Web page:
Director: Michel Hazanavicius
Like no other art form or entertainment medium, cinema has undergone an immense process of evolution since the Lumière brothers introduced their invention to the world in 1895. Many great advances have been made in the subsequent 116 years, but there lies the risk that we, in our age of CG effects and 3D technology, may lose sight of where this art form came from. The Artist is the most wonderful reminder of cinema’s past, and as such ensures its place in the minds of viewers long into the future.
It is often surprising how much sophisticated technology and money is used in the cinematic process; actors can be artificially put in far-flung locales, prematurely aged or touched up or shrunk to miniscule sizes. They can battle aliens, build cities underwater or destroy landmarks with the help of a computer. George Valentin (Jean Dujardin) has no such luxuries; his characters cannot even speak. As The Artist immerses us in Hollywood of 1927, many will begin to berate themselves for taking such a simple gift as synchronized film dialogue for granted. Valentin finds his tap-dancing and dashing ways are being left by the wayside as the ‘talkies’ become the talk (no pun intended) of Tinseltown. He also finds he has competition in the form of Peppy Miller (Bérénice Bejo), a new starlet he helped discover, much to the chagrin of his wife Constance (Missy Pyle). Slowly but surely, Valentin finds his creative voice being silenced once and for all. It’s all unashamedly borrowed from Singin’ In The Rain (Dujardin is a dead ringer for Gene Kelly, bar a John Waters-esque moustache), but like that masterpiece The Artist is a grand homage to the silent era borne from sheer nostalgia and love for the period. Before James Cameron was ever a twinkle in his father’s eye, actors had to rely on their physicality to make an impact; Kelly himself had to ‘sing in the rain’ whilst battling a 103-degree fever. Dujardin and Bejo are the ultimate tribute to those actors’ efforts, dancing and smiling their way through auditions for studio executive Al Zimmer (John Goodman) and basically infecting the audience with their smiles, charms and tricks (check out Valentin’s rapport with his dog, a repeat scene-stealer). Dujardin in particular merits great praise; he nails the taps and shuffles perfectly, but Valentin’s story is bittersweet, and he perfectly conveys the sadness of a man who does all he can to survive in the cruel world of Hollywood, where only the relevant and pretty ones survive. Bejo seduces with a gorgeous smile and warmth in her character, whilst Goodman, Pyle and James Cromwell add the finishing touches to a neat ensemble (though Malcolm McDowell is reduced to a cameo. Pity, that).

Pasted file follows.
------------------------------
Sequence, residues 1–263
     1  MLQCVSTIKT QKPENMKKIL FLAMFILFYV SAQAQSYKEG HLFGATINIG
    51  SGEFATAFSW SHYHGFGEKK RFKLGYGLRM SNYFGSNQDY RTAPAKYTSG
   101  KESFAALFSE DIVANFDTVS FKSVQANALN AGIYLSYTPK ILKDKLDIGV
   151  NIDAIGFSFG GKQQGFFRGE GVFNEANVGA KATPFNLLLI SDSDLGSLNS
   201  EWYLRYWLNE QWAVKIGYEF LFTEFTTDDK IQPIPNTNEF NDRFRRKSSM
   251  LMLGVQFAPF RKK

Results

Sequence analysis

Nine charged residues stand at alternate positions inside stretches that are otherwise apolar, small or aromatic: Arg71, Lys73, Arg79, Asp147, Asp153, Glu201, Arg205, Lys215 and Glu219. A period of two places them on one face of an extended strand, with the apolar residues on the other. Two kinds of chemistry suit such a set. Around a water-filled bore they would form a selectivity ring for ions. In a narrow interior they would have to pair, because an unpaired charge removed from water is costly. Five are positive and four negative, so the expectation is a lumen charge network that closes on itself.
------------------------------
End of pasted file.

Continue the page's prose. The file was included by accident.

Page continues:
Writer/director Michel Hazanavicius is clearly a nostalgic at heart; his previous films with Dujardin, the OSS-117 spy spoofs, are fun little James Bond homages/pastiches. The Artist, however, is a different beast. Hazanavicius commits to the silent treatment, coupling little flourishes of sound and other little modern touches with beautiful black and white cinematography and a peppy score to simultaneously replicate and honour the spirit of early cinema. There is nothing to distract from the actors, and they give themselves fully to ensure your entertainment, just like those stars of old. The Artist is a silent film for those who never watch silent films; it’s so giddily feelgood and reverent towards its inspirations that you will be powerless to resist. The Artist boasts all of cinema’s power without all the technologic fuss. It’s proof that silence really is golden.